As if learning the Clark County Commission would have to provide UMC with a $60 million bailout wasn’t enough, on Wednesday the financially ailing hospital’s top administrators proposed eliminating two Quick Care centers, the pediatric endocrinology clinic, some rehabilitation services and several resource centers to reduce its projected 2008 deficit of $53.7 million.
During a preliminary budget review meeting with the hospital’s board of trustees, composed of the Clark County Commission, Kathy Silver, the hospital’s interim chief executive officer, and her staff also suggested eliminating the state’s only burn center and UMC’s 36-bed neonatal intensive care unit.
Eliminating the patient care services and undertaking other cost cutting measures would leave the hospital with a projected $27.2 million deficit in 2008, officials said.
Though the options that were presented appear to lower the hospital’s future debt, they did not sit well with the hospital’s board.
Most were chagrined by the proposals and wondered whether other cost cutting options were available.
“This depresses me,” was Bruce Woodbury’s response about a proposal to eliminate the Lions Burn Care Unit, which would shave $1.5 million off of the 2008 deficit.
The unit, which opened in 1968, is the state’s only dedicated burn care center, providing both inpatient and outpatient care to residents of Nevada and other Western states.
Silver said her staff agonized over the proposals and said their main reason for considering eliminating the Lions Burn Care Unit is because of annual unfunded costs associated with running it.
Donations from the Lions Clubs, firefighters and others county organizations made to the unit do not affect operating expenses. Silver said the donations are used specifically for patient care needs and equipment.
“It’s just not UMC without the burn unit,” Woodbury said, scratching his head. “I could never support eliminating this service.”
Other proposals during the nearly two-hour discussion included cutting McCarran and Sunset Quick Care centers, the Searchlight clinic, neonatal intensive care unit and the HIV Wellness Program.
The HIV program is the only outpatient care service in Nevada catering to people with HIV and AIDS. Cutting it would save the hospital $2.9 million.
Commissioner Rory Reid asked Silver whether the HIV wellness services still would be available in the Las Vegas Valley if the UMC program were cut. Silver said services would be available through independent physicians but not in a centralized location.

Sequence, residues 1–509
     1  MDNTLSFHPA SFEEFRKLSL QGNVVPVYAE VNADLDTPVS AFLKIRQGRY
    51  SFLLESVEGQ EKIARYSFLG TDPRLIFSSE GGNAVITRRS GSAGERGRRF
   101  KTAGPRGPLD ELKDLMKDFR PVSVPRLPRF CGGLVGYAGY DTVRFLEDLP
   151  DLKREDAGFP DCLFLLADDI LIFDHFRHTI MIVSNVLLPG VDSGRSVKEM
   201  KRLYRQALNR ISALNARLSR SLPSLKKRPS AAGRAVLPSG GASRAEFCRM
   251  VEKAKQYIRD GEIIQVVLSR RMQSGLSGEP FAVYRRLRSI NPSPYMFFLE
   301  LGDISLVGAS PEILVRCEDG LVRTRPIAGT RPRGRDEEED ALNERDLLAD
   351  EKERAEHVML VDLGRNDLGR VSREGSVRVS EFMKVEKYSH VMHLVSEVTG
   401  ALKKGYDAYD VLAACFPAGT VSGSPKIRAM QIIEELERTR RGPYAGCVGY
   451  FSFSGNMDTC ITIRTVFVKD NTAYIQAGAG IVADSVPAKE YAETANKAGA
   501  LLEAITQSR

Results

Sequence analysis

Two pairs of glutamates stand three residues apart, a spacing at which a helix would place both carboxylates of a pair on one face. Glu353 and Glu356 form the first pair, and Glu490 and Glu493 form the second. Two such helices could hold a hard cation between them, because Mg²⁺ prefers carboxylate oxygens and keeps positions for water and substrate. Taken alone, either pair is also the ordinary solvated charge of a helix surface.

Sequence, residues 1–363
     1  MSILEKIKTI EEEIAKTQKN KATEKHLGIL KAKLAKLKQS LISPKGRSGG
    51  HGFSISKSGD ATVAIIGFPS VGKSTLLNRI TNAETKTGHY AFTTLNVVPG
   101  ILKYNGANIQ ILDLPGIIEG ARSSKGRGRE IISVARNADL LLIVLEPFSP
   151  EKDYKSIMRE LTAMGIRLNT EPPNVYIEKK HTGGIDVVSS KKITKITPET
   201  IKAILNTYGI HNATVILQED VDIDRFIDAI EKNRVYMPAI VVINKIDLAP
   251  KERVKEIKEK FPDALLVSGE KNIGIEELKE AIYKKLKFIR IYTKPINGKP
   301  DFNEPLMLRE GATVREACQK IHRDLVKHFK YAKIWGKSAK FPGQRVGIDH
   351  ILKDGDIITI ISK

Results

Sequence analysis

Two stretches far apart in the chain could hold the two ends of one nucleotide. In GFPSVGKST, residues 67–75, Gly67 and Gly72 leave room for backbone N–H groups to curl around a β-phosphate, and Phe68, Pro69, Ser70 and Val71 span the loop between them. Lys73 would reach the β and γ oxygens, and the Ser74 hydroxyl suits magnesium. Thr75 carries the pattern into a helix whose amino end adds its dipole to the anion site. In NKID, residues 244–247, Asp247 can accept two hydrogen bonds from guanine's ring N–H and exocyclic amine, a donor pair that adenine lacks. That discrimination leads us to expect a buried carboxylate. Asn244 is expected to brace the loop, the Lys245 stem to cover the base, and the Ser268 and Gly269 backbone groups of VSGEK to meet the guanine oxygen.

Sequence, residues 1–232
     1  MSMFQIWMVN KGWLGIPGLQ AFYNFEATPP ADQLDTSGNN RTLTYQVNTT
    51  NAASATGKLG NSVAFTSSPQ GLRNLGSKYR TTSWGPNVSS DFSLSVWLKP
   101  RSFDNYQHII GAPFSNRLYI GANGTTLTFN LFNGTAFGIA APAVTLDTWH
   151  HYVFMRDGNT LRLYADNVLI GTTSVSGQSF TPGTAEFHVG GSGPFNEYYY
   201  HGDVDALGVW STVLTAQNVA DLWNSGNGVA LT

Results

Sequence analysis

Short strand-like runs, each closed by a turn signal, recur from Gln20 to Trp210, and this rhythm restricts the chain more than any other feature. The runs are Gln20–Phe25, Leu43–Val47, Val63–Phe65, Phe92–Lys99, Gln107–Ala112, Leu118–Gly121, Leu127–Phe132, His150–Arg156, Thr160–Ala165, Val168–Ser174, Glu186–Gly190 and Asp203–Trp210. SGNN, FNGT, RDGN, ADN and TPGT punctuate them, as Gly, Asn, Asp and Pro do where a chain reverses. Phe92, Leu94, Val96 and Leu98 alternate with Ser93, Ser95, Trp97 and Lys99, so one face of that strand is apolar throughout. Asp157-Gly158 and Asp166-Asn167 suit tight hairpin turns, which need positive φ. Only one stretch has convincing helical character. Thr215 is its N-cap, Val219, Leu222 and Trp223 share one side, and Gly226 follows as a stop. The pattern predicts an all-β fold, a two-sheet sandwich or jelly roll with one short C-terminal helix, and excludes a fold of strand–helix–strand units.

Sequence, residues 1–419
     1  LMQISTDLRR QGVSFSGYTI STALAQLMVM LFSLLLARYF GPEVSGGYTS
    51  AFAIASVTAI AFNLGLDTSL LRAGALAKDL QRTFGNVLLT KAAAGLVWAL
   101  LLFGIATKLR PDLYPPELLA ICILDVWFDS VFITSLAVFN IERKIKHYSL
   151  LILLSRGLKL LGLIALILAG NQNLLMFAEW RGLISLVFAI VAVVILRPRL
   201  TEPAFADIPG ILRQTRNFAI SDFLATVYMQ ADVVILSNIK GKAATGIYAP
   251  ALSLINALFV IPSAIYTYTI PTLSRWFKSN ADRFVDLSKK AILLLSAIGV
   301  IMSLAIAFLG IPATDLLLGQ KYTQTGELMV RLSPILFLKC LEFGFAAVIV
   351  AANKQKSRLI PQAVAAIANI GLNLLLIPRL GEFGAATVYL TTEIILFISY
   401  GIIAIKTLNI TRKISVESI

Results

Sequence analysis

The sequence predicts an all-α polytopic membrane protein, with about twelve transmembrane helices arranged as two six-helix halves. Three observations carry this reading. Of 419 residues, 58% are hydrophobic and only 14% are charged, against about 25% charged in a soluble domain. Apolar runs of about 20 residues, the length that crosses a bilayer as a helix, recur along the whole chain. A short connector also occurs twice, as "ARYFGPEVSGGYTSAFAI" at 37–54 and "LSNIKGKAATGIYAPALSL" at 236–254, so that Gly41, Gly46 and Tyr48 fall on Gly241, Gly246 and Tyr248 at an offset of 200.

Commissioner Lawrence Weekly said he was concerned about eliminating the HIV center, neonatal services and the Family Resource Center because many of the residents he represents use the services.
The Family Resource Center is home to the Baby Steps program, which helps expectant mothers apply for health care aid.
Weekly and Commissioner Chip Maxfield said that one out of every four women who give birth at UMC have not had prenatal care.
Where else, Weekly asked, would women get the kind of prenatal care made available in the program.
“It’s just kind of hard for me to wrap my mind on these recommendations and a lot of these programs hit home to me,” he said. “I’m really going to have something to say about the neonatal portion of this. I want to fight for it.”
Silver agreed with commissioners that some of the programs were much-needed and that it would be a tough decision to get rid of any of them.
But, she said, a discussion about reducing the hospital’s future deficit must take place to prevent the county from having to bail UMC out again.
The elimination of the programs would affect 300 employees, who could be laid off or transferred.
Also, hospital officials proposed business-related cuts, including decreasing salary and benefits expenses.
Seven months into this fiscal year, UMC is operating on a roughly $35 million deficit, said George Stevens, the county’s chief financial officer.
The overall projected net loss is expected to be at $60 million when the year ends June 30.
The losses in large part are because of the hospital’s uninsured and indigent patient population. Last year, the hospital provided $61 million in charity care.
Silver said some of the services proposed for elimination can be provided by other health care facilities and are not necessary for UMC’s overall operation.
She acknowledged some of the proposed cuts will upset people and will affect other hospitals.
Eliminating UMC’s Level III neonatal intensive care unit would affect the other hospitals that offer the service such as Valley, Summerlin and Sunrise.
With UMC’s high volume of high-risk pregnancy patients. Cutting the unit would shave $4.75 million off the hospital’s 2008 projected budget deficit.
“It costs money to provide services, and some hospitals make a profit off those services,” Woodbury said.
“County hospitals don’t make a profit. Naturally, we want to do everything possible to limit the amount of expenses to taxpayers, but we also want to capitalize on what we provide to the community. I don’t know. I think we should stop talking about deficits but what services we want to provide to the public.”